They Asked For A Paper

Borrowing its title from a collection of essays by C. S. Lewis, this series, They Asked For A Paper,”  highlights interesting items from the Armstrong Browning Library’s collection and suggests topics for further research.

By Melinda Creech
Manuscripts Specialist, Armstrong Browning Library

In 1962 C. S. Lewis published a collection of twelve essays simply entitled They Asked For A Paper. It would be his last publication. He died the following year. I have borrowed Lewis’s title for this blog series which will suggest research topics for scholars interested in mining the treasures of the Armstrong Browning Library.

As we have processed the books, letters, and manuscripts here at the ABL, provocative questions and fascinating details have come to light. The faculty and staff are often heard repeating, “Somebody should write a paper about that.” Because that task has proved monumental for our small staff, we are inviting you to tackle some of the questions that have been unearthed.

Over the next few months I will be offering suggestions for research projects based on the holdings at the ABL. Please feel free to contact us for more details, or, better yet, come and visit us at Baylor University in Waco, Texas, and have a hands-on experience with the books, letters, and manuscripts in our archives. The topics will include not only the Brownings, but also many other figures from the nineteenth and early twentieth centuries. Be sure to “SUBSCRIBE!” to the blog on the right-hand side of the screen to keep up with all the possibilities.

So, since you asked…


New Research and Teaching Tool for 19th-Century Studies Unveiled

By Jeremy Land, Ph.D. Candidate, Department of English

Baylor’s 19th Century Research Seminar (19CRS), an interdisciplinary forum for faculty and students in and outside of Baylor University to present and hear original research in all areas of nineteenth-century studies, is proud to announce the launch of its completely redesigned website. This project was developed in conjunction with Baylor’s English department and the Armstrong Browning Library. In the past, 19CRS’s blog was simply a message board to notify interested parties about upcoming events. The redesigned site will still keep our supporters informed about all the innovative research sponsored by 19CRS; however, the added features are designed to make the site more of a tool for all those interested in studying the nineteenth century.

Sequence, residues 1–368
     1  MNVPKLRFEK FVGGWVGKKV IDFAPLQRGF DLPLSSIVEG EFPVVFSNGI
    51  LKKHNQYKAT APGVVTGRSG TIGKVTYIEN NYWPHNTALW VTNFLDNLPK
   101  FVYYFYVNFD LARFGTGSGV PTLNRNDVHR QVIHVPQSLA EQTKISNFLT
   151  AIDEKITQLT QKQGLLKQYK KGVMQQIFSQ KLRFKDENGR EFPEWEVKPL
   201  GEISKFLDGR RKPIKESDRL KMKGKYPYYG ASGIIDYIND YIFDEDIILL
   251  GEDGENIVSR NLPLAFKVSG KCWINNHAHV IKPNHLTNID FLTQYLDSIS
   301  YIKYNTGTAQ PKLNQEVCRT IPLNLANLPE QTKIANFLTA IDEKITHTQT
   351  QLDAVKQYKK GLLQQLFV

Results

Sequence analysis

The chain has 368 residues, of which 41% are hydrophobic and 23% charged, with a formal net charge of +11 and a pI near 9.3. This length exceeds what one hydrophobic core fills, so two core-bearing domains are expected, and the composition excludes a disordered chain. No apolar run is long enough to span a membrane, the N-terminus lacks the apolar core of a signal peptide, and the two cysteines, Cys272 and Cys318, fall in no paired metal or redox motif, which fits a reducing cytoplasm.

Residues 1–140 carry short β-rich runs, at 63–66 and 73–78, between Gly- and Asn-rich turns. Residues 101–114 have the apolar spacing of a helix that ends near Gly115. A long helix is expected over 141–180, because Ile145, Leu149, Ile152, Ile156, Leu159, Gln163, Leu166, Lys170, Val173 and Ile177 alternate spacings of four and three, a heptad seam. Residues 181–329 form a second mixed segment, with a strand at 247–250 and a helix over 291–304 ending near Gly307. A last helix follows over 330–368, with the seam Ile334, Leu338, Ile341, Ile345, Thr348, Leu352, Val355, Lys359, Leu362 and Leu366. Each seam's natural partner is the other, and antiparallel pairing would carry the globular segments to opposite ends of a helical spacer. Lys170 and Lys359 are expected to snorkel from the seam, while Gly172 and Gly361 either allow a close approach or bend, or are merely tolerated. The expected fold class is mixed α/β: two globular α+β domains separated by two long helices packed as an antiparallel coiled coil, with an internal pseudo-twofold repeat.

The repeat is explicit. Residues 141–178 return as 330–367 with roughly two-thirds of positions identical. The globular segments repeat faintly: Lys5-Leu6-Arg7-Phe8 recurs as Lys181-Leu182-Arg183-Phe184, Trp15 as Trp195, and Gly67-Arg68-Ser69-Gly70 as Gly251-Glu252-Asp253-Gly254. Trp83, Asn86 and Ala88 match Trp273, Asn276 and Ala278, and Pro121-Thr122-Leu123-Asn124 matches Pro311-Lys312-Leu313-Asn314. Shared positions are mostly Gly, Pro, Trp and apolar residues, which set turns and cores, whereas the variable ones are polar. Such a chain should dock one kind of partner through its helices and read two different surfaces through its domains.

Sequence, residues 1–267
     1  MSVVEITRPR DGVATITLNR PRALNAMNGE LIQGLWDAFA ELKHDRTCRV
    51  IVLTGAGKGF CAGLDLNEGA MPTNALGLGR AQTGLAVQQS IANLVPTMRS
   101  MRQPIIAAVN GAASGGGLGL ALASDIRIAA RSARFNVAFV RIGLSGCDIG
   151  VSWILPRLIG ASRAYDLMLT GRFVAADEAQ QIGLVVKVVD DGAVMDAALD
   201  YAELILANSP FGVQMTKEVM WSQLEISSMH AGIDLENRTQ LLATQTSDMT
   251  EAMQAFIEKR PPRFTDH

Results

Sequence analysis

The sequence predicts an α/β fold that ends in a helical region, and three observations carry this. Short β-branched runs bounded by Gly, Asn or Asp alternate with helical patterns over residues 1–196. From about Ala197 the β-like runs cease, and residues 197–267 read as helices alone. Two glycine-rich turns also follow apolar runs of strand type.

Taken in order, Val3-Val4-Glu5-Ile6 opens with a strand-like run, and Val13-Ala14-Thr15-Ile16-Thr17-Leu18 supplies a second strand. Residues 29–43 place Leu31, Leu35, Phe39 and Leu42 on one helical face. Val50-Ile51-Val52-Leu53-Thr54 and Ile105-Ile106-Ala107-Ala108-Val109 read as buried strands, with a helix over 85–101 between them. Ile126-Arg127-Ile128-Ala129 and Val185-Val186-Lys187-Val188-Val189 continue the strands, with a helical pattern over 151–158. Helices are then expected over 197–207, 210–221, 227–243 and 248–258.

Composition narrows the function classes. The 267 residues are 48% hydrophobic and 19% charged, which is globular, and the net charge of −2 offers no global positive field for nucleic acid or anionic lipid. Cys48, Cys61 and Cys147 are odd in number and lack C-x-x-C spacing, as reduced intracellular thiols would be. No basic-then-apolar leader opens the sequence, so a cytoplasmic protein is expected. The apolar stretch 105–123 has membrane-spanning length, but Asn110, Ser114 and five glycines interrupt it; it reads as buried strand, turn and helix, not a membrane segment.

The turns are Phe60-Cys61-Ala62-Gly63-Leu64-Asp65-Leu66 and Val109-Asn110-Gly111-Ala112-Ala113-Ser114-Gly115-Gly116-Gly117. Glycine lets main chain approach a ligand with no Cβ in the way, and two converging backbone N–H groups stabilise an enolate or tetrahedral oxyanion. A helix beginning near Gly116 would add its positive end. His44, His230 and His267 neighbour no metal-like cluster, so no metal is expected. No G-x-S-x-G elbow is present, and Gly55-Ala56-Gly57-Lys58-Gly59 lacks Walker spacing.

19CRS has complied an exhaustive list of internet sites to support both research and teaching. Topics range from nineteenth century art to African-American studies to Victorian literature and everything else we could possibly compile.  All of these resources are either peer reviewed by NINES or hosted by a university so that we could guarantee the quality of the materials.  In addition we only selected sites that provide immediate access to records, images, manuscripts, or other digital information useful to scholars, students, and teachers.

In case you were unable to come to our monthly seminars, 19CRS’s new site has begun to catalog our past presenters’ presentations. If you missed a presentation, or perhaps you want to reference something from a lecture in your own research, you can now down load a PDF copy, when available, for your projects. Or if you really enjoyed the current lecture and felt there was not enough time to finish the discussion or were later inspired by what you heard, 19CRS’s blog now offers a discussion forum for interested parties.

Other features include a place for teachers to share syllabi, reviews showcasing important books from Baylor faculty and 19CRS presenters, and the Armstrong Browning Library’s latest acquisitions. Regardless of your level of experience or expertise, we think our new site has something to offer those interested in the nineteenth century. As always, we invite you to share in our new site, offer feedback on improving it, and to join us for our monthly lecture series.

19CRS Blog

Learn more about the 19th-Century Research Seminar here: